Deemed too costly to maintain, the Annex Building on the Alberta legislature grounds is being torn down. In turn, the site will be made into a green space.
Interior demolition and hazardous materials removal began in March and on Tuesday, structural demolition started. The cleanup and sorting process could take five to six weeks.
The Annex Building is 70 years old and was built in 1951.
“The condition deteriorated because it was not well kept,” Infrastructure Minister Prasad Panda said.
Alberta Infrastructure said many of the Annex’s systems had aged to the point where it was “no longer economically viable” for the government to continue to occupy and maintain.
Before the decision was made to tear the building down, the province estimated the Annex Building required approximately $29 million in repairs and maintenance.
“The money needed to bring the Annex up to a modern and usable standards will be better spent on schools, hospitals, and other public buildings across Alberta,” Panda said.
“Our government has a responsibility to ensure we are getting the best value for taxpayers’ money when we build and maintain our government facilities.”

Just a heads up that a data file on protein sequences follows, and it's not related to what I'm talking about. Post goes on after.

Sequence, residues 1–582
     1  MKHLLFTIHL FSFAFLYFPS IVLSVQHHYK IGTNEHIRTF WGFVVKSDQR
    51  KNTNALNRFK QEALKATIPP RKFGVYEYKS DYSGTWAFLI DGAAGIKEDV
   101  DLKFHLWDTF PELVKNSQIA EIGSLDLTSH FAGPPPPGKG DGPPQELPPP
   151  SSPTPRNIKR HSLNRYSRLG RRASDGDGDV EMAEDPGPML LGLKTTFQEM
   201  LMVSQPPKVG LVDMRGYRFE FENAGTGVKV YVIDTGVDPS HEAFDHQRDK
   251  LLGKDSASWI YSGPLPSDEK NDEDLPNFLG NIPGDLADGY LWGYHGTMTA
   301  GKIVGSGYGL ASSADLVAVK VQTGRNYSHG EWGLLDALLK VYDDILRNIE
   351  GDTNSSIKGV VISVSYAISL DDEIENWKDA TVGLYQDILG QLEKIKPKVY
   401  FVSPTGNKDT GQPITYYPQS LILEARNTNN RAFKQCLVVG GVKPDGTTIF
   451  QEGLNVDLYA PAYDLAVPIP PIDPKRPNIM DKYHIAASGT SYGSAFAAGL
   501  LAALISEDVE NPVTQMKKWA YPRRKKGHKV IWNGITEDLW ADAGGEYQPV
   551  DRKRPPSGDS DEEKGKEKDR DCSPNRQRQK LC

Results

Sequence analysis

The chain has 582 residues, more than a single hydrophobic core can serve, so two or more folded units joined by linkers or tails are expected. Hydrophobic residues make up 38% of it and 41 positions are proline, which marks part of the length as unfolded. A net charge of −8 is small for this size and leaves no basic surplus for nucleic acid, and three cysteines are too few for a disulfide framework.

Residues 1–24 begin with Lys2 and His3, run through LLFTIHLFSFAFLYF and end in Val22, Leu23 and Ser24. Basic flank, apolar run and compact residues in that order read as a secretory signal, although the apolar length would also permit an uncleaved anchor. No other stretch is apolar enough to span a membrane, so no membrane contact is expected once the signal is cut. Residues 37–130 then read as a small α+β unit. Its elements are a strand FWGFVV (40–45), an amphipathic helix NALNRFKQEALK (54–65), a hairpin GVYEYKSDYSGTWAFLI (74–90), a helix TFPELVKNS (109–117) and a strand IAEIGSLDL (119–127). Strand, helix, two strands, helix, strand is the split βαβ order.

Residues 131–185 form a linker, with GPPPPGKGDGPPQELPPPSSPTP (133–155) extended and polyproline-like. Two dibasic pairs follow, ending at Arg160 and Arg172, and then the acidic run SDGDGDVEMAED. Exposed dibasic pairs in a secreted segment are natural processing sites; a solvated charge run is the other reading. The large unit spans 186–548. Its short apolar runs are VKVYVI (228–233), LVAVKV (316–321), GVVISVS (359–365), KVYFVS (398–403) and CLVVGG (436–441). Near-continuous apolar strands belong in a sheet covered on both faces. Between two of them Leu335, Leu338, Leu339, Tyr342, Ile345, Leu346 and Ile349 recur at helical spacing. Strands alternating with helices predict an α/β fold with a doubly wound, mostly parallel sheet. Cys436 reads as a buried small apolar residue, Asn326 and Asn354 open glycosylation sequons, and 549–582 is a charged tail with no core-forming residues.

There were “a couple hundred” people working in the Annex, Panda said, and they have been relocated to other government buildings.
Once demolition is done, the site will be landscaped to provide additional green space at the legislature grounds.
David Ridley is the executive director of the Edmonton Heritage Council.
He said the Annex was built by Alberta Government Telephones, the provincial telephone utility.
It filled to capacity and then another six floors had to be added. In total, the building was 14 storeys to house staff.
He said this was one of the world’s first hermetically-sealed “curtain-wall” buildings, a structure that has an exterior that’s attached but not structural to the design. The futuristic look of the building, with its turquoise office tower, charmed many architects around North America.
“It was a new type of building that would not have been found elsewhere in Canada, really. Only in places like New York.”
Darrel Babuk is an Edmonton-based architect.
Babuk said he would have liked to see the Alberta government focus on giving the space new life.
“I’m very scared we are seeing buildings as disposable,” he said. “For the amount of money, resources and energy it takes to build something… we’re just throwing it all away.”
Babuk acknowledges that maintaining the Annex building would have come at a cost, but said losing spots like this one erases Edmonton’s past.
“We should be proud of what we have in our own backyard. Don’t keep tearing it down,” he said.
— With files from Morgan Black, Global News